Yacakavritti, Yācakavṛtti, Yacaka-vritti: 4 definitions

Introduction

Yacakavritti means something in Hinduism, Sanskrit, Marathi. If you want to know the exact meaning, history, etymology or English translation of this term then check out the descriptions on this page. Add your comment or reference to a book if you want to contribute to this summary article.

The Sanskrit term Yācakavṛtti can be transliterated into English as Yacakavrtti or Yacakavritti, using the IAST transliteration scheme (?).

Alternative spellings of this word include Yachakavritti.

Languages of India and abroad

Marathi-English dictionary

[«previous (Y) next»] — Yacakavritti in Marathi glossary
Source: DDSA: The Molesworth Marathi and English Dictionary

yācakavṛtti (याचकवृत्ति).—f (S) The profession of a beggar, beggary, mendicancy.

Source: DDSA: The Aryabhusan school dictionary, Marathi-English

yācakavṛtti (याचकवृत्ति).—f Beggary, mendicancy.

context information

Marathi is an Indo-European language having over 70 million native speakers people in (predominantly) Maharashtra India. Marathi, like many other Indo-Aryan languages, evolved from early forms of Prakrit, which itself is a subset of Sanskrit, one of the most ancient languages of the world.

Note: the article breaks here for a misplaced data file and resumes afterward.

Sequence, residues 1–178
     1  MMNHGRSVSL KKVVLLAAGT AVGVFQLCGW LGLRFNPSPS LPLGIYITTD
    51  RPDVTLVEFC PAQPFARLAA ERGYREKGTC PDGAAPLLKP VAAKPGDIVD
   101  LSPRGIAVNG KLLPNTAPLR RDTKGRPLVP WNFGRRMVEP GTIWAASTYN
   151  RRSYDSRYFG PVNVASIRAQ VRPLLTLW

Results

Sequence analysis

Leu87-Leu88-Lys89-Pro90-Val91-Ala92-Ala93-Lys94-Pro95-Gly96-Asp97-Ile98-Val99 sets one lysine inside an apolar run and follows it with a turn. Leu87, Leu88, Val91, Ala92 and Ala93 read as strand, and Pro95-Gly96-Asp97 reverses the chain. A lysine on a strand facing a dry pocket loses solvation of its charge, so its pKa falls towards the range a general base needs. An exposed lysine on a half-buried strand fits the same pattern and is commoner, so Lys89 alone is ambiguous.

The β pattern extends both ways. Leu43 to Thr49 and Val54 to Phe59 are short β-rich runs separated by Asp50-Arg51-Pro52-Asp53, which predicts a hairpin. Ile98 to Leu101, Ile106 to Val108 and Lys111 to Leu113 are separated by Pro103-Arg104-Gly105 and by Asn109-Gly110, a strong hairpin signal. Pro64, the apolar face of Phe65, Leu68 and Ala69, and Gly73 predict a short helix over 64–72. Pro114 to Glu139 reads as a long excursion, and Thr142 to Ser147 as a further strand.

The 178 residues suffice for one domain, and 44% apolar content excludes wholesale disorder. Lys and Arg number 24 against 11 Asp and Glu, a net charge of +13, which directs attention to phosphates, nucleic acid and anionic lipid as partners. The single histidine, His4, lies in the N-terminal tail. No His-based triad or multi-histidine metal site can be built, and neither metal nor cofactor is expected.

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Sanskrit-English dictionary

[«previous (Y) next»] — Yacakavritti in Sanskrit glossary
Source: DDSA: The practical Sanskrit-English dictionary

Yācakavṛtti (याचकवृत्ति).—the occupation or profession of a beggar.

Derivable forms: yācakavṛttiḥ (याचकवृत्तिः).

Yācakavṛtti is a Sanskrit compound consisting of the terms yācaka and vṛtti (वृत्ति).

Source: Cologne Digital Sanskrit Dictionaries: Monier-Williams Sanskrit-English Dictionary

Yācakavṛtti (याचकवृत्ति):—[=yācaka-vṛtti] [from yācaka > yāc] f. the occupation or profession of a beggar, [Monier-Williams’ Sanskrit-English Dictionary]

context information

Sanskrit, also spelled संस्कृतम् (saṃskṛtam), is an ancient language of India commonly seen as the grandmother of the Indo-European language family. Closely allied with Prakrit and Pali, Sanskrit is more exhaustive in both grammar and terms and has the most extensive collection of literature in the world, greatly surpassing its sister-languages Greek and Latin.

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